My Blog Week: May 10 to May 16
This week, between gardening and nuisance headaches, I didn’t get enough drawing done, so here’s an older cartoon, some nostalgia for what everyone was watching and obsessing on last year, more or less at this time. (For no good reason, I gave the characters 70s fashion stylings, the striped shirt/overalls combo, and the sweater poncho.)
A Word on the Week
Changing Horses in Mid-Stream
Per Reuters, the United States has nearly 1.5 million cases of Coronus (what seems to me the sensible thing to call it; COVID-19, formally). The death toll has been worse (far) than any recent accident, weather-event, armed conflict.
The Trump administration feels victimized when people mention deaths at all, and don’t somehow see “only” nearly ninety thousand as a victory. Now, for half-assing their way through shutdown (many of them), our states, in piecemeal, want to reopen. That 1.5 million figure is significant. It is a small percentage of our population, infected when a degree of control had been applied. Assume (per CDC) that the infected person will become symptomatic in six to fourteen days, with an average of five days.
At about the ten day mark from infection, as shown by this helpful chart from the Canadian Broadcasting Co., if it’s going to be bad for you, you will find yourself needing to go to the hospital. If you’re going to die, it will be around the two-week mark from the development of symptoms, and around five days after admission to the ICU. As far as I can locate a statistic, the peak day for deaths in the United States was May 2, with 2909. Taking two to three weeks back from May 2, we get an earlyish to mid-April date. That’s worth considering—that these fatal cases were contracted at the height of closed businesses and stay-at-home orders.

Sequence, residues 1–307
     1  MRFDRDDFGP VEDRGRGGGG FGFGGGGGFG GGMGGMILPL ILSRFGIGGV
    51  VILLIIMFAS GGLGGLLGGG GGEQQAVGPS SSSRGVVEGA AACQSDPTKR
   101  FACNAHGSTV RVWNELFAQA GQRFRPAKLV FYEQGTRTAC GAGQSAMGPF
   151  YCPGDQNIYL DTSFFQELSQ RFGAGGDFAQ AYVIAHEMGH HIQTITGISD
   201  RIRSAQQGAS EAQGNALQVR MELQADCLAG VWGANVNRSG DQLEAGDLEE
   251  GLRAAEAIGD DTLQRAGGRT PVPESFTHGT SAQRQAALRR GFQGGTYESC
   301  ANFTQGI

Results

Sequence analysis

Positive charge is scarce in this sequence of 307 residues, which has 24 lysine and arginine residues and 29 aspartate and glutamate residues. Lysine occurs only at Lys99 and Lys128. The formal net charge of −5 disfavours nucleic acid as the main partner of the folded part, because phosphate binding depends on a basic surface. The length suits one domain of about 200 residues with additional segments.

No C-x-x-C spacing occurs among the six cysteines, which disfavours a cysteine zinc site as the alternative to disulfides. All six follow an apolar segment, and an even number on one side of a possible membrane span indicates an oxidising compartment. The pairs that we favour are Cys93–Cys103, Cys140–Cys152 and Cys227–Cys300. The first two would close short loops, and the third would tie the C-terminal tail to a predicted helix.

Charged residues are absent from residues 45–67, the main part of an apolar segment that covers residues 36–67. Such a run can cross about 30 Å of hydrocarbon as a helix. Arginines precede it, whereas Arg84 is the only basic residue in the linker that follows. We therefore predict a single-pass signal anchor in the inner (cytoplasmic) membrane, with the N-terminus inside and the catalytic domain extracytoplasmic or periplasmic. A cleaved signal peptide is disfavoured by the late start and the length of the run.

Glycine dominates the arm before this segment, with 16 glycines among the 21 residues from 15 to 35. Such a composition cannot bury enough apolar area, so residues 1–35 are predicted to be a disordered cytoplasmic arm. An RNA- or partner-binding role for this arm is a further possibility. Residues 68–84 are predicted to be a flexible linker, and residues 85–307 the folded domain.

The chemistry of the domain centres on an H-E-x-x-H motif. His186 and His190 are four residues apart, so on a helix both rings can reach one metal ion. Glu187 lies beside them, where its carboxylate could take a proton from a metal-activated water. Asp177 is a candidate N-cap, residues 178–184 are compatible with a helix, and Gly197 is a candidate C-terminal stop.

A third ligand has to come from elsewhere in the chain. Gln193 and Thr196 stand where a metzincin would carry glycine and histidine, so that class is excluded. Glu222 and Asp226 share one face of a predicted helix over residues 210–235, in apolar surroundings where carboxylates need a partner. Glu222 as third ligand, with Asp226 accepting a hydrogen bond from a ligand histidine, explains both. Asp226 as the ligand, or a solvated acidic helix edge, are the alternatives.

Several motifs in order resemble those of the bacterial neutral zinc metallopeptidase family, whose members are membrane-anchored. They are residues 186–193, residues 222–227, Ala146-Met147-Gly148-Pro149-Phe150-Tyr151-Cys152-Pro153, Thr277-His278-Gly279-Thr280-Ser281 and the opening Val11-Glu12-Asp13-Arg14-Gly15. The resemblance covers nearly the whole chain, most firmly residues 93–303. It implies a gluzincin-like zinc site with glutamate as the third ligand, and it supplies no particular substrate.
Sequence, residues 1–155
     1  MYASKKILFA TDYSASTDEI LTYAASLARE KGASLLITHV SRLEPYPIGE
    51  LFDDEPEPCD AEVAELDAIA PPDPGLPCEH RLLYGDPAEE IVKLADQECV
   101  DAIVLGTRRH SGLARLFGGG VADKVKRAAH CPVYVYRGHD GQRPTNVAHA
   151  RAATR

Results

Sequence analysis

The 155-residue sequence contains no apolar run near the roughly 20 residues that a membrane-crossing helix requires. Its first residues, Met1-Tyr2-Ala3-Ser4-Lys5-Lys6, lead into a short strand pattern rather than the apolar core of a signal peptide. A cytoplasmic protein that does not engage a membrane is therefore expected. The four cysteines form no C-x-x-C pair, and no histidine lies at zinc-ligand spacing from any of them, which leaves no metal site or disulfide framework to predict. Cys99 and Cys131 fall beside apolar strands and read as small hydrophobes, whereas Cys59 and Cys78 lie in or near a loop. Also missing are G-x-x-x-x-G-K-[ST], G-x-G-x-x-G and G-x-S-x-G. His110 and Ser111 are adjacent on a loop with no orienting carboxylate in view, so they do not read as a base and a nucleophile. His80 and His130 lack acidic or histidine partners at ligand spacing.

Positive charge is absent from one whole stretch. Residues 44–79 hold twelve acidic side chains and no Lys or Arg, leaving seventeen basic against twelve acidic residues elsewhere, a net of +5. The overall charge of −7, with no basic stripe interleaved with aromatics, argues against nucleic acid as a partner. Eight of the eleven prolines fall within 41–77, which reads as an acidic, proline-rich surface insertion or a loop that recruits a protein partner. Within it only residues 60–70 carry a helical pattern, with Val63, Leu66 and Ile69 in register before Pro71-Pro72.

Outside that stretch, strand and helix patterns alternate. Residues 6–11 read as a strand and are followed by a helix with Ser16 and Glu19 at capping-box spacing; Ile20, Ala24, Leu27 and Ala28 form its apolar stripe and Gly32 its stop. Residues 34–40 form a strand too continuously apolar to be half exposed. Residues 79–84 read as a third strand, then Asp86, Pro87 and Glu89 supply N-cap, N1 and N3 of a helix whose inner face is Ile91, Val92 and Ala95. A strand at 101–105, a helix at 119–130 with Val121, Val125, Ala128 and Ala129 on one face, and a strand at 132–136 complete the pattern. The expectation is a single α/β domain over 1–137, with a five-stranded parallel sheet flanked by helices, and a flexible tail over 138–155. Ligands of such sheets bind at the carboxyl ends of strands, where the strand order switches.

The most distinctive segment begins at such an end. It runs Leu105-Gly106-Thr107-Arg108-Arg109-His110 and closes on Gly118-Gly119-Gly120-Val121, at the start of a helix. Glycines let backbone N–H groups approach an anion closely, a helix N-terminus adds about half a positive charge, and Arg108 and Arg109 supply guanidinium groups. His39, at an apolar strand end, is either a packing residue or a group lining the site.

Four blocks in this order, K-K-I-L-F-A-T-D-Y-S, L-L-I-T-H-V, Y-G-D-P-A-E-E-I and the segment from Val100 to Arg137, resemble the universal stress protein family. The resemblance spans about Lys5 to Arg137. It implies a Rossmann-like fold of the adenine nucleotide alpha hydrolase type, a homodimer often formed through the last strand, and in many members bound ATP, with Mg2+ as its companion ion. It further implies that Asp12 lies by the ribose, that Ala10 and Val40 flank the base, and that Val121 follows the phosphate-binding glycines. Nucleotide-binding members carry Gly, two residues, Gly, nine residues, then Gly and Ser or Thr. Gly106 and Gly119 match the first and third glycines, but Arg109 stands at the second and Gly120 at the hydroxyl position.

In this weekend’s beautiful weather, with government restrictions relaxed, the spread of infection could be (have been) tremendous. We are at the time when going about your normal activities: grocery shopping, for example, will actively carry a danger for you. The virus is everywhere now, in the rural parts of America as well as urban concentrations. After Memorial Day, so much the more everywhere. Are hospitals better equipped for a June surge, than they were for the April surge? Some have lost more money over the past month, due to cancelled elective surgeries. Without social distancing the danger for patients may be worse, even if these surgeries technically become permissible.
Companies whose employees can work from home can do something about the economic stress, by developing a new model, accepting this as the New Real. Government can do something it has the power to do, commandeer supplies and distribute them, reducing the cross-traffic of individuals making supply runs on their own. In such a system are the makings of a New Deal get-people-back-to-work program. Those problems applicants have had with small-business loans, and learning whether they’ll get a stimulus check, indicate plenty of clerical jobs need filling…
(The devaluation of clerical work has been a driver of income inequality, and an unnecessary drain on jobs available that pay living wages. In fact, businesses badly need office support staff. Look how many clumsy accidents with email we’ve seen in high places lately. It’s time to create those jobs and fill them.)
We definitely have a leadership crisis…the biggest ever, if you like…and an enabling of cultural behaviors viewed as rights. An optimism bias, maybe…that it will always happen to someone else, and not to the hateful, shouty person. When the reopening began, we saw a thing rarely seen…as the press is ginger with the working class, typically. Pictures of average people lying on their backs like Romans on couches, with some poor service worker crouched at their feet, wearing a mask, doing their toes.
And that’s no joke.
On Monday, the sixth German Spy episode from The Folly, Falco dwelling on his resentments, which have a fatal tendency. Tuesday, the conclusion of “The Blue Bird”, a contact for Gitana from the underground. Wednesday, the next Eight, “Loaded Language”; Thursday, Frédéric Boutet’s “Berthe”, in which a naif learns a worldly lesson. Friday, a new Yoharie, part seven of “What It Takes to Fly”, Savannah’s options narrowing. Saturday, “Doctrine”, another Eight, ends a busy, not as productive as I’d like, sort of week.
Images on my posts often have a link to related information (click first image), sometimes serious, sometimes whimsical, sometimes in answer to a direct reference. Since people can be leery about links, I include them here: what they are, what sites they point to.
My Blog Week: May 10 to May 16
Short Story: The Blue Bird (conclusion)